A Software Engineer spends a big chunk of working time in the set up and preparation of resources rather than coding, testing and debugging.
A major factor in determining development project costs is the availability of optimum testing infrastructure. In a bid to meet business parameters companies cut down on expenditure at the cost of valuable infrastructure which drives expectations.
As an offshoot of QA, the development team’s ability to construct test suites is impeded given the resource constraints endemic to today’s heterogeneous enterprise environments. This critically handicaps the team’s ability to roll out and evolve secure, dependable, and compliant applications on time and within budget. With applications growing at a breakneck pace in terms of complexity and distribution, this problem compounds significantly.
Test Optimization is seen as a ploy to reduce infrastructure investment significantly. With limited hardware resources the enterprise development teams face the continuing challenge of loss of productivity.
A severe bottleneck that’s responsible for slowing down or stalling projects is generally caused by persistent facility constraints such as rack space, network ports, etc hampering hardware access. Testing is stopped for days or even weeks as developers await server configuration or the creation of a setup from scratch for the destined application. Specific applications are given a higher priority for testing and hence managers dedicate servers to meet urgent needs excluding all other workloads.
It becomes an uphill task to find appropriate hardware for debugging high priority bugs promptly on detection with rigid and confined resources. A high cost is thus entailed due to significant hardware requirements for development and testing.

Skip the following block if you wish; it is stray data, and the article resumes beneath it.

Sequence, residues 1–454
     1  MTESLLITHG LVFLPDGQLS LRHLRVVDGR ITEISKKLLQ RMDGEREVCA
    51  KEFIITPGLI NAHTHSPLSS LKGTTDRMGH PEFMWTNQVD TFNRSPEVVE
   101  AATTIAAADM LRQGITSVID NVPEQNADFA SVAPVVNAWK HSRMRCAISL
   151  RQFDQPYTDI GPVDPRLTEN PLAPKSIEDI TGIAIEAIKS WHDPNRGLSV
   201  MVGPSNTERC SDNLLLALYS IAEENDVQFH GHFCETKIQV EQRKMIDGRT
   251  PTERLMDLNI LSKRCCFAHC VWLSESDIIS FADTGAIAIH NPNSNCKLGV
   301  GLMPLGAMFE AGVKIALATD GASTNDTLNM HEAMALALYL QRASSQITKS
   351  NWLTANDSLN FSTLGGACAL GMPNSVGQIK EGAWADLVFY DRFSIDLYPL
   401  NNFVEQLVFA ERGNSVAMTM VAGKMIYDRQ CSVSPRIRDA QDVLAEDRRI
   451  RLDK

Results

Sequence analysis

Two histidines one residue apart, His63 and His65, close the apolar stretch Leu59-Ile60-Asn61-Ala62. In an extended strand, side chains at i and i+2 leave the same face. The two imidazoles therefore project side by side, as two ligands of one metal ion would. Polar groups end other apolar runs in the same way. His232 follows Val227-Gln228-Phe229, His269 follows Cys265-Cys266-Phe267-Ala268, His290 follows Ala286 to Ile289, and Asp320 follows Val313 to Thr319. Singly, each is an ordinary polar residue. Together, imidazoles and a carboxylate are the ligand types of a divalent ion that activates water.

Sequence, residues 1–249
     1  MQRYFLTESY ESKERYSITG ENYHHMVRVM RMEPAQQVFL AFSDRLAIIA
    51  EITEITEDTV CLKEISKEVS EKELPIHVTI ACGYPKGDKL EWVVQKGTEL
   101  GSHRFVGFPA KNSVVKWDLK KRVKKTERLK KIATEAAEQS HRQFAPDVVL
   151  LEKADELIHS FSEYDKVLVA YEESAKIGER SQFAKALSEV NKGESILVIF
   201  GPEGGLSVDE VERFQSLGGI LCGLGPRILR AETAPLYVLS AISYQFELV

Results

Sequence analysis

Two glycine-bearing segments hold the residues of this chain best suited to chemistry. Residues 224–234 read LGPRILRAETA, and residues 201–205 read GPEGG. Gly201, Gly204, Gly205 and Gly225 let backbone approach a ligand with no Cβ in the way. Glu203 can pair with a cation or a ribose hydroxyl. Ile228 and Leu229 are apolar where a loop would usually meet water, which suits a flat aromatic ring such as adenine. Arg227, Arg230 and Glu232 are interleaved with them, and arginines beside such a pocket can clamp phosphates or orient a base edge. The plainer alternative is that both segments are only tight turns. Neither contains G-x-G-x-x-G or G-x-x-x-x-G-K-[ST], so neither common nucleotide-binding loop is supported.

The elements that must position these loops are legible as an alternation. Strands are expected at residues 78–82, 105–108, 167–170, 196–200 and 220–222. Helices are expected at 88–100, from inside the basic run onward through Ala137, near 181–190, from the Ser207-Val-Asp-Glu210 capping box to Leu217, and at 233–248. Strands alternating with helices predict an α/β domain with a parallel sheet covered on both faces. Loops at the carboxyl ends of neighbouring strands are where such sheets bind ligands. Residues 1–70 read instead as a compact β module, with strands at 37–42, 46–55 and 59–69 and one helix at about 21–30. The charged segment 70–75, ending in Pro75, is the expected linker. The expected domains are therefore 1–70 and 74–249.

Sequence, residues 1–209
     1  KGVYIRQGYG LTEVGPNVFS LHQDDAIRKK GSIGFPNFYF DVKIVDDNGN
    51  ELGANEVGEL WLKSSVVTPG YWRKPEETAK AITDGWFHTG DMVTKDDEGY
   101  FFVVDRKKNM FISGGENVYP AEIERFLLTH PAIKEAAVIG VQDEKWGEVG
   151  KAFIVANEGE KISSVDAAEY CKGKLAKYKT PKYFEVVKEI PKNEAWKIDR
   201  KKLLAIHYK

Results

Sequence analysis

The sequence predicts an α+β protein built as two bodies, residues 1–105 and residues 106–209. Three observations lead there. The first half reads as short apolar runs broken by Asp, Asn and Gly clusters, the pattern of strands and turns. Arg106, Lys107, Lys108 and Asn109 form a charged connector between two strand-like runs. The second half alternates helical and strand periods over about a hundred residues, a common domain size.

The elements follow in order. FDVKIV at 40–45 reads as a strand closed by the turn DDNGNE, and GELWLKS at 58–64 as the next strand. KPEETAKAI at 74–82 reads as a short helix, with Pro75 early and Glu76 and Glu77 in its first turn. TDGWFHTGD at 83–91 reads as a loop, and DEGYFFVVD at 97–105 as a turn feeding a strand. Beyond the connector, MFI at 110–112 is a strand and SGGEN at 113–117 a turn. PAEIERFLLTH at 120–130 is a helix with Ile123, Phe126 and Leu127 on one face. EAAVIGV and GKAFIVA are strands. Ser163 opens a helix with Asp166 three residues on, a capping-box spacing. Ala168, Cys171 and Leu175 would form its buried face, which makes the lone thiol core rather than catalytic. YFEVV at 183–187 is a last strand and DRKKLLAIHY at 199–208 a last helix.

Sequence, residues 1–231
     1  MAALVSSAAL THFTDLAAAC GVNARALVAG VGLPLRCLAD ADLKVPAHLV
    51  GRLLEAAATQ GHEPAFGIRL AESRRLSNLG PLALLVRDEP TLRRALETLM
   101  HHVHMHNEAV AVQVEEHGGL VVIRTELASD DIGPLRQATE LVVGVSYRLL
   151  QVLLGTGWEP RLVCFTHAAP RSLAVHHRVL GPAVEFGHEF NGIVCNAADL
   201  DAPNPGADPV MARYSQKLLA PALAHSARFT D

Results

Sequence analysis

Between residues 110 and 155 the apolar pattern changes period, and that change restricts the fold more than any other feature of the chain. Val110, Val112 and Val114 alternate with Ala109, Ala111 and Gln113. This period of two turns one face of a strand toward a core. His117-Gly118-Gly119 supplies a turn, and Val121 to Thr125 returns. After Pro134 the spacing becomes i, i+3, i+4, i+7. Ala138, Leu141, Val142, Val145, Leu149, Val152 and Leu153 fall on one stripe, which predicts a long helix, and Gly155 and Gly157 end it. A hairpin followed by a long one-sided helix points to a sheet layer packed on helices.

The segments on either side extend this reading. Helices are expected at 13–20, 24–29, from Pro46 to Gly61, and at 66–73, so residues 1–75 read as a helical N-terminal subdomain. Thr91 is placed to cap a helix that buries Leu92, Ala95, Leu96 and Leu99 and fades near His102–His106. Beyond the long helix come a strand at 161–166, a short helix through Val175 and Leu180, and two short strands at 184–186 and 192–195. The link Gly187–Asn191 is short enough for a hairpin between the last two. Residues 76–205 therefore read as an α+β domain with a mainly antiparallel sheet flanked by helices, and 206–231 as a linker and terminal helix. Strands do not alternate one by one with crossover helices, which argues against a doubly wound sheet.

Developers require multiple physical systems dealing with multi-tiered projects for basic application development and functional testing. Resource constraints limit the number of permutations that can be tested, reducing the sweep of test coverage and compromising the strength of completed applications.
Also multiple physical systems is the necessity when developing sophisticated multi-tier applications for hosting applications that are as a result, tier networked to other systems.
Most organizations piece together different environments for development and QA, and pre-production testing. Here the test equipment is on a physical stratum requiring separate entities for a specified purpose. The challenge lies in understanding the impact of a systems change as issues multiply due to a spurt in inter-dependencies. These changes can affect, if you’re lucky, a part of the system, or, in a ‘Nightmare from Elm Street’ scenario, the whole system as parts are appended to the main framework.
Where then, does the solution lie?
Do developers and test managers continue to depend on scarce resources meeting demands and deadlines that are highly unrealistic amid an environment that entails dwindling budgets?
Product developers have devised methods for their needs to minimize the use of “real” test equipment in testing software solutions. These methods reduce dependency on purely physical structure and save resources, time and increase productivity.
It becomes more difficult for an IT group to manually configure, make changes and synchronize a pre-production staging environment as opposed to importing software images of physical servers into a virtual environment. Virtualization saves space and time and we can work on multiple physical systems concurrently.
So try it out. I know this post is a jolt from the blue. But some of long term readers needed the help (and that’s what we do, advice on how).
And we advicehow.com cats are nice. Plus I got to do better than the boss’s new blued eye, literally, girl Irina.